Reviews the part played by Hong Kong in the coordination of global efforts against money laundering and terrorist financing; Hong Kong was President of the Financial Action Task Force 2001‐2002. De...
    ...... crime byremoving the incentives to commit crimes are para-mount considerations for the ... believes that in the combat of organisedcrime in whatever guise it is paramount that HongKong ..., Rosalind Wright, the Director of the Serious Fraud Oce in London,de®ned tracking in ......
  • Advising the Serious Organised Crime Agency: the role of the specialist prosecutors
    • Núm. 12-3, Julio 2005
    • Journal of Financial Crime
    • 251-263
    Introduces the UK’s Serious Organised Crime Agency (SOCA), which was set up in February 2004 and aims to reduce the profit incentive on serious crimes, disrupt criminal enterprises and increase the...
    ......', but how far will the judiciary let the inves-tigator go? The situation is bound to arise, whendamning evidence of detestable crimes is revealed byhighly questionable tactics. The Criminal Justice Act2003 will permit the prosecutor to appeal an unfavour-able ruling at ®rst ......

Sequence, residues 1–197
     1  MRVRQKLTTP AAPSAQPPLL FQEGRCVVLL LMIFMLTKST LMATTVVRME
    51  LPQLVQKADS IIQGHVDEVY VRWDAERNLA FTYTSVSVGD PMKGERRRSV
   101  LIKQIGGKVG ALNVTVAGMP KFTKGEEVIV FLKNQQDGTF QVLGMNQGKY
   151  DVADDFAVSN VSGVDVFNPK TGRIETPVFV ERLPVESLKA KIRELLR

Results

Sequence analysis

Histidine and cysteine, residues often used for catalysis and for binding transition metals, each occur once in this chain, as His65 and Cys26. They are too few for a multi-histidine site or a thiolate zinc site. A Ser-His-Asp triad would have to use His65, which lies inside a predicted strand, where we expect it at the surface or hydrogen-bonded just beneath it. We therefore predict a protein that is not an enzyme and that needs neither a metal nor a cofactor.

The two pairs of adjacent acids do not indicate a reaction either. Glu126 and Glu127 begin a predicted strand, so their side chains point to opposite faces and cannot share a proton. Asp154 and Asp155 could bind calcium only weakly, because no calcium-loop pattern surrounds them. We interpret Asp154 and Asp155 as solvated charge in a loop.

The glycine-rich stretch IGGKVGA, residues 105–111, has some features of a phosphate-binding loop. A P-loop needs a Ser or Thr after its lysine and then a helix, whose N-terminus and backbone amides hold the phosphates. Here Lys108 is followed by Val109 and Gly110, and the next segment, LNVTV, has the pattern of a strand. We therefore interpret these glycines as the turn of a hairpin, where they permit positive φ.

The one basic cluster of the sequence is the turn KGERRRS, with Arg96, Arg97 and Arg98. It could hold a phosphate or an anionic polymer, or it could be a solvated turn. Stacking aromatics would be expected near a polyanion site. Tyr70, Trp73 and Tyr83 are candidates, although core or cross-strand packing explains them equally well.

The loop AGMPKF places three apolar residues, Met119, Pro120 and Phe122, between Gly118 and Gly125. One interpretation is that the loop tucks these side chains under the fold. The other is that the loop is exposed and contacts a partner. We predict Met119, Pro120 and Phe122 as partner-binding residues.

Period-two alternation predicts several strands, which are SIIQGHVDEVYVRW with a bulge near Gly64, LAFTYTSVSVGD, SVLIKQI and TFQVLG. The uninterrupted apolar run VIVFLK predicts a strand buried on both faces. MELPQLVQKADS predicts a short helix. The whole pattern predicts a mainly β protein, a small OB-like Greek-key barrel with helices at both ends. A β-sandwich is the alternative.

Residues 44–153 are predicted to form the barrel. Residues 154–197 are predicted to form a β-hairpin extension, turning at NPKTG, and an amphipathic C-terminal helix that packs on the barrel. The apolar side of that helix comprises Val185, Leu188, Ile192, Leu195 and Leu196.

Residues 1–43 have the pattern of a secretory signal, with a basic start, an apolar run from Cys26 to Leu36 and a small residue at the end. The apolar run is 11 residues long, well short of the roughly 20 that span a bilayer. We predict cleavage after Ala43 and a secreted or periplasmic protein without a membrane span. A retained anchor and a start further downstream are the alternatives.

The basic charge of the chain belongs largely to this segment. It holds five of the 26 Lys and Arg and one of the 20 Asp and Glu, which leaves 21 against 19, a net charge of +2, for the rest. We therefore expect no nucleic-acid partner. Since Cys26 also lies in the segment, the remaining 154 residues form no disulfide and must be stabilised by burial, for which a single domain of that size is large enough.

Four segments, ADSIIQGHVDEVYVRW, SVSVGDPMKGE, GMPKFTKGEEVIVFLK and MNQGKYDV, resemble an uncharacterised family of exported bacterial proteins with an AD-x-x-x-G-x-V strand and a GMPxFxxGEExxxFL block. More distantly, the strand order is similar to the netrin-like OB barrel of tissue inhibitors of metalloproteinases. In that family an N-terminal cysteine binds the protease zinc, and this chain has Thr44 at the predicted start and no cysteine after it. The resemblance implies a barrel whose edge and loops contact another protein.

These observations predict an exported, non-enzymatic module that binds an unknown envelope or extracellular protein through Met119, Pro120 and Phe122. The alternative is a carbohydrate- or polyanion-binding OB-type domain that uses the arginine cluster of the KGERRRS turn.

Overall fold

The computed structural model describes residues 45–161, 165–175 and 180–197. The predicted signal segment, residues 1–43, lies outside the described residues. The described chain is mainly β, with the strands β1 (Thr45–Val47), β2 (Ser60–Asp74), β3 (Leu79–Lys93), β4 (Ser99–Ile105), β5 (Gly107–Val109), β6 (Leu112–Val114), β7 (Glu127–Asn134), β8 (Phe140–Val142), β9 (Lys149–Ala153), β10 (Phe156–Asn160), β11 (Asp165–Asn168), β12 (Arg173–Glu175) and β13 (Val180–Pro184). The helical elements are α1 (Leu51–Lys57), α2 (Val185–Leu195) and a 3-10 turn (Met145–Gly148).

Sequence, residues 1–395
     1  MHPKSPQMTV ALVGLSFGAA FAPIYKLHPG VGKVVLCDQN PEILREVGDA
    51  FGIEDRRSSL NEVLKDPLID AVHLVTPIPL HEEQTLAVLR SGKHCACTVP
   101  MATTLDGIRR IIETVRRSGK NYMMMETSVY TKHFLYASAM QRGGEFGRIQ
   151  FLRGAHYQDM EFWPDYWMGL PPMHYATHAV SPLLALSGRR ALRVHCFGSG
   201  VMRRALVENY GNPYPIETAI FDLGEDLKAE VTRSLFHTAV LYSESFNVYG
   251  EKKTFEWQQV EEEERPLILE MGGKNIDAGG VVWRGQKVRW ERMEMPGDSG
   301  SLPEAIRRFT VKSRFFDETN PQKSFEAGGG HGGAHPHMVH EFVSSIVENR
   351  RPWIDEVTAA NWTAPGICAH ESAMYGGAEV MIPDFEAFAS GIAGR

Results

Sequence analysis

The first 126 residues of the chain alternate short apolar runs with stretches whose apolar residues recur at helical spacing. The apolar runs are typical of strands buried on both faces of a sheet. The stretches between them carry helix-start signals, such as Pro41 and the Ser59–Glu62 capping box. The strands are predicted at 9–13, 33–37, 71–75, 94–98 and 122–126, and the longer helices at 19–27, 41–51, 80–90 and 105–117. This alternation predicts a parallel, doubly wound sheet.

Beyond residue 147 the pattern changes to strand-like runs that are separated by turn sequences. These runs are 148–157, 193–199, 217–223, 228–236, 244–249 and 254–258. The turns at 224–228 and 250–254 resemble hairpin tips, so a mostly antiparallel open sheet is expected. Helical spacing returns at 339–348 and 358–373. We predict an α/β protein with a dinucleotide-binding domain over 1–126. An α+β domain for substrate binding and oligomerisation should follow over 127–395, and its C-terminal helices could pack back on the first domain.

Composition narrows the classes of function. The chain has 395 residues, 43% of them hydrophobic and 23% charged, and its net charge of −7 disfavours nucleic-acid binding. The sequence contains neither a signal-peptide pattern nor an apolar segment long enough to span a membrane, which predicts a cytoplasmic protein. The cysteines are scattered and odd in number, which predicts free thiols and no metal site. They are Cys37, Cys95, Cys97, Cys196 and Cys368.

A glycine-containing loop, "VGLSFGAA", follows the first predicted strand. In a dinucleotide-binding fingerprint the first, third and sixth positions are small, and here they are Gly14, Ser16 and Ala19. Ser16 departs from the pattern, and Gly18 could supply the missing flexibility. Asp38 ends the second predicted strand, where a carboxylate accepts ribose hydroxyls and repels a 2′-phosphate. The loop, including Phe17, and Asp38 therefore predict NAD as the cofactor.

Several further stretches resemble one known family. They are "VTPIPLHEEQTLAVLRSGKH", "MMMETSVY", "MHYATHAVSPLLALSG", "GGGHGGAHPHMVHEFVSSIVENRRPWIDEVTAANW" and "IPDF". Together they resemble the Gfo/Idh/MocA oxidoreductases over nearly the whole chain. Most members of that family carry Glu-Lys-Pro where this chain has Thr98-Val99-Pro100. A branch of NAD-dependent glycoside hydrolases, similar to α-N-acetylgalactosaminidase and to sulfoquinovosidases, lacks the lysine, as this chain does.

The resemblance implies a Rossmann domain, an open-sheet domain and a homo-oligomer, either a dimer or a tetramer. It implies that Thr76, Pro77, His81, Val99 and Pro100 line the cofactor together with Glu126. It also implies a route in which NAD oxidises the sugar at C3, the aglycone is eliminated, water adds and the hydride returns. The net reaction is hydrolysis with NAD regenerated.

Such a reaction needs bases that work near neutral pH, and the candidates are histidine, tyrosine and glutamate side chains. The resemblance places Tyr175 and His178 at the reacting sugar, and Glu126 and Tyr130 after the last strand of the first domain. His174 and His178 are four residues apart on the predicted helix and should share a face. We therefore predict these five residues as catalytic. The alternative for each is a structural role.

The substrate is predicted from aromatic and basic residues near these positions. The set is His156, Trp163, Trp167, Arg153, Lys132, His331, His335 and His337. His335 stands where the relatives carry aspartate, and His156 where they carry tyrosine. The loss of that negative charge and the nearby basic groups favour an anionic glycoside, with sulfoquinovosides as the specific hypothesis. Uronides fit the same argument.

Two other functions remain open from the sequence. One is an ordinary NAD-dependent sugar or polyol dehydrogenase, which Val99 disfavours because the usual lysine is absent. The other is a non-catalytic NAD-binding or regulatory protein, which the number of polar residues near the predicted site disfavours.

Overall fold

• The Medicrime Convention: Combating Pharmaceutical Crimes through European Criminal Law and beyond
    • Núm. 7-3, Septiembre 2016
    • New Journal of European Criminal Law
    The falsification of medicinal products represents a significant public health threat and has rapidly turned into a global criminal phenomenon. Pharmaceutical crimes are considered an emerging cate...
    ...... cr imes are considered an emerging categor y of transnational organised crime and have progres sively become cyber-enabled crimes .  e ... cation of medical produc ts and similar o e nces posing serious threats to public health. It repres ents a landmark tool which will pave ......
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Law Firm Commentaries
  • Deferred Prosecution Agreements 5 Years On – the Americanisation of UK Corporate Crime Enforcement